Hotspot Italy: Abuses of refugees and migrants

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Thousands of people continue to cross the Mediterranean, fleeing persecution, conflict and poverty, seeking protection and a decent life in Europe.

Europe’s so-called ‘hotspot approach’ to receive refugees and migrants in key arrival countries like Italy was introduced in 2015, as a way to faster identify, screen and filter all newly arrived men, women and children.

But Amnesty International’s research suggests that, in Italy, there are cases where it’s less ‘identify, screen and filter’ and more a case of ‘abuse, mislead and expel’. 

Adam, 27, from Darfur in Sudan
I can't say how painful it was... I would have never thought that in Italy they could do something like that to me.
Men are registered by police following a rescue operation of migrants and refugees at sea, on February 1, 2016 in the port of Messina, Sicily. Men are registered by police following a rescue operation of migrants and refugees at sea, on February 1, 2016 in the port of Messina, Sicily.
© AFP/Getty Images

As thousands of refugees and migrants attempt to pass through Italy without being identified in order to seek asylum in other countries, Amnesty has been given consistent accounts of coercive methods used by the Italian police to obtain fingerprints, including allegations of beatings, electric shocks and sexual humiliation.

Hasty screening of people who have just stepped off the boats and are still traumatized, without giving them proper advice or information, risks denying them the ability to seek asylum and the protections they are legally entitled to.

Furthermore, Europe’s emphasis on expelling more people - even if this involves making agreements with governments who are known abusers of human rights - is resulting in people being sent back to places where they risk facing torture or other serious human rights violations.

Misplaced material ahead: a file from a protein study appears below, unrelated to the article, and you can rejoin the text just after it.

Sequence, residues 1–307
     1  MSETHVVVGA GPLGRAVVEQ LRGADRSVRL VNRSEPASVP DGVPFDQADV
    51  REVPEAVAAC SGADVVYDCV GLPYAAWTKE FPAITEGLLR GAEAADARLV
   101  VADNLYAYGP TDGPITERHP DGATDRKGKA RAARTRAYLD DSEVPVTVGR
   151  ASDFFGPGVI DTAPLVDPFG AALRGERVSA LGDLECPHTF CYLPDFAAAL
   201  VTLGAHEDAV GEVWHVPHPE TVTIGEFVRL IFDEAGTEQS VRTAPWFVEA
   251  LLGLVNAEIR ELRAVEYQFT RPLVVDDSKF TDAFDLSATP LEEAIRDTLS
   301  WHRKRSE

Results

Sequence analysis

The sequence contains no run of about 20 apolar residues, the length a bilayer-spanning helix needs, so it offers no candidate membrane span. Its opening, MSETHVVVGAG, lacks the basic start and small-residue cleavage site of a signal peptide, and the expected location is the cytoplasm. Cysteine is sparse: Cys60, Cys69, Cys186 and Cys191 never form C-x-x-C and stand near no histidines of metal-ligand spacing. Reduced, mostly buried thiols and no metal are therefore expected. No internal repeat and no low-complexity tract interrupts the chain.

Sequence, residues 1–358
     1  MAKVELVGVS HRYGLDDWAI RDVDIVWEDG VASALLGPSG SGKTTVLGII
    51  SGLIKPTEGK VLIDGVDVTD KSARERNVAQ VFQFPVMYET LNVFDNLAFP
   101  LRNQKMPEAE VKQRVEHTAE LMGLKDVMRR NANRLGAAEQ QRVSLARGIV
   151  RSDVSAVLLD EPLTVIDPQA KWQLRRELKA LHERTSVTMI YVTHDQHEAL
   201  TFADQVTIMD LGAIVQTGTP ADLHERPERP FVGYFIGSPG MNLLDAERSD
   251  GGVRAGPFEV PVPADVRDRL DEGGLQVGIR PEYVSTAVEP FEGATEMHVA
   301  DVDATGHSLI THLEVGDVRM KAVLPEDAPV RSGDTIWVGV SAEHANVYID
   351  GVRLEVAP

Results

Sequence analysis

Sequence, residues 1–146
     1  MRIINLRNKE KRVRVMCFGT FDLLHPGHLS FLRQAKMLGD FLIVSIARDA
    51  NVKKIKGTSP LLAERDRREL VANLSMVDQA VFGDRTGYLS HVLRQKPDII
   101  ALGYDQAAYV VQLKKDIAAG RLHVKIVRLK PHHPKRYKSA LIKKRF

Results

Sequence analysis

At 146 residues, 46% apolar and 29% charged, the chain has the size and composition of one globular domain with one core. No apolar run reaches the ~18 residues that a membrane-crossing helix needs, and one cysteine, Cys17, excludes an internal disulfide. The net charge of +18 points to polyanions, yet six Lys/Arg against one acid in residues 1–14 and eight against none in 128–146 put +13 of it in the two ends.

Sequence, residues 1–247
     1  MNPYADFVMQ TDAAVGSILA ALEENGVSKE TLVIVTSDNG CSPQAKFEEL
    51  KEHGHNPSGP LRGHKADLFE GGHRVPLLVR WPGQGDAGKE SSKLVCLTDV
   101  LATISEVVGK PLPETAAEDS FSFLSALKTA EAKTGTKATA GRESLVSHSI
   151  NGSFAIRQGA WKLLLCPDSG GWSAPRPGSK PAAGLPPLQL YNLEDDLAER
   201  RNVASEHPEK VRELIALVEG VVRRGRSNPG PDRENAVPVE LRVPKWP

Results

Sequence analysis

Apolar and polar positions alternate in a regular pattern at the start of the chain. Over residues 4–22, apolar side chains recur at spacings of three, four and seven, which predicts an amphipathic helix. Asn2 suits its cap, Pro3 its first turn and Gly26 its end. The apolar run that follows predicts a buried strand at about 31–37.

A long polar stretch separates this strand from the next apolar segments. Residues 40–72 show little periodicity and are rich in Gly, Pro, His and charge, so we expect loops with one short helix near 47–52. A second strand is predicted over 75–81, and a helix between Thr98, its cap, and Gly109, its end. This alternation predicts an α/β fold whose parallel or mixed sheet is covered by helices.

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Hotspot Italy

How EU’s flagship approach leads to violations of refugee and migrant rights.

Read the report
Migrants and refugees wait to disembark in the port of Messina following a rescue operation at sea by the Italian Coast Guard ship "Diciotti" on March 17, 2016 in Sicily. Migrants and refugees wait to disembark in the port of Messina following a rescue operation at sea by the Italian Coast Guard ship "Diciotti" on March 17, 2016 in Sicily.
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Ill-treated for a fingerprint

Fingerprinting is a key step for Europe to identify people arriving on its shores. Europe’s Dublin Regulation, under which countries can return asylum-seekers to the first EU country they entered, relies on fingerprinting to identify who arrived where.

Prior to mid-2015 Italy had limited success in obtaining fingerprints from people who refused because they wanted to claim asylum in other countries, to the dismay of other European governments. 

Migrants queue at a Red Cross center in the city of Ventimiglia, on the Italy-France border, on September 14, 2016. Migrants queue at a Red Cross center in the city of Ventimiglia, on the Italy-France border, on September 14, 2016.
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So the EU implemented a new approach and imposed a 100% fingerprinting target on Italy, including recommending the use of force where necessary to obtain them. Meeting this target has pushed Italian authorities to the limits – and beyond – of what is permissible under international human rights law.

European governments had agreed to redistribute some of the arriving asylum-seekers to other EU member states, to relieve the pressure on Italy. But they have so far failed to uphold this commitment and have relocated only a small number of asylum-seekers.

Excessive use of force

During 2016 Amnesty International received a significant number of reports of excessive use of force by police during fingerprinting of refugees and migrants, including women and unaccompanied children.

Some alleged being subjected to torture to coerce them to give their fingerprints: this included beatings, being shocked by electrical batons and sexual humiliation or infliction of pain to the genitals.

Amnesty International has informed the Italian Ministry of Interior of these reports and urged the Ministry to respond to the allegations.

Djoka, 16, from Sudan
They gave me electricity with a stick, many times... I was too weak, I couldn’t resist...they took both my hands and put them on the machine.
© Amnesty International
Asladain, 19, from Ethiopia

I said I didn’t want [to give my fingerprints], but they forced me… They slapped me on the face, I don’t know how many times.